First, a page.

Higashiosaka FACTOR is a business initiative that pairs small, family-run manufacturers of industrial goods in Higashiosaka (East Osaka City) with designers who can help them expand beyond industrial clients. As one example, yesterday we looked at designer Gen Suzuki's MoMA-worthy extension cords from the Ohara Electric Wire Co.
Extension cords designed by Gen Suzuki for Ohara Electric Wire Co.
Today we look at another pairing from the initiative: Industrial designer Hitoshi Kuramoto and fabrication firm Kyowa Steel Co., which manufactures diamond-shaped wire mesh for fencing and preventing rockfall, among other things.
Kuramoto saw more potential for the material:
"The diamond-shaped wire mesh produced by Kyowa Steel Co. was different from the image of cold and inorganic metal. It becomes soft and feels warm to the touch and weight."
Kuramoto decided the material could comfortably hold humans as well as it safely holds rocks. The result:
"This AMU UMU Net Bench is a modular bench that allows you to enjoy its analog feel. A delicate and sharp appearance and a seating surface that softens and supports the body.
"Taking advantage of the manufacturing characteristics of diamond-shaped wire mesh, it can be adjusted to any length, making it a modular bench that can be widely used according to the application and scene."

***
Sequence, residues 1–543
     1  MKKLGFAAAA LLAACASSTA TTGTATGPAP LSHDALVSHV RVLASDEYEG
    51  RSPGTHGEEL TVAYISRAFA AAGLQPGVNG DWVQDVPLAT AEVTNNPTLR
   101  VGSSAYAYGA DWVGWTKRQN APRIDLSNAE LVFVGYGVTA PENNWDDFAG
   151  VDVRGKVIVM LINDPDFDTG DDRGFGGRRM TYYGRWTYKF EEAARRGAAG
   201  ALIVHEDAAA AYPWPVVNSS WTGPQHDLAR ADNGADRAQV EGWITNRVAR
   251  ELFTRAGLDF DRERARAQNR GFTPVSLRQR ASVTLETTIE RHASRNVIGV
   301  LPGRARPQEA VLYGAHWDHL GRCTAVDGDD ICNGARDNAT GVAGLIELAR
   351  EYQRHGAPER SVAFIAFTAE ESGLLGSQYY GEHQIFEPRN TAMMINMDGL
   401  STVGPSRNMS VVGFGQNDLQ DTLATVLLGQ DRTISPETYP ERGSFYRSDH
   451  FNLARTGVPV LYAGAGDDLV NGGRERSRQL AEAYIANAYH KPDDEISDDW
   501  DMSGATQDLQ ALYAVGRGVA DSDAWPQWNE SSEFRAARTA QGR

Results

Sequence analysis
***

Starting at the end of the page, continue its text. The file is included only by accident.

Left: Industrial designer Hitoshi Kuramoto. Right: Koji Morinaga of Kyowa Steel Co.
I like this overall initiative—whereby siloed-off manufacturers are paired with designers who can help them expand their horizons—a lot, and would love to see this applied in America.
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Firstly, I agree with Rain that this is an excellent program, and would love to see similar models in other areas of the world. Thanks for finding. Regarding this particular example, I personally find it a bit underwhelming from a form perspective. Nothing about it makes the chain link sing, and in my opinion it should be the hero and focus point of this design. Further, isn't it a bit lazy and impractical to require the bench be bolted through the floor from below? Designers should be problem solvers not problem creators. Beautiful manufacturing though.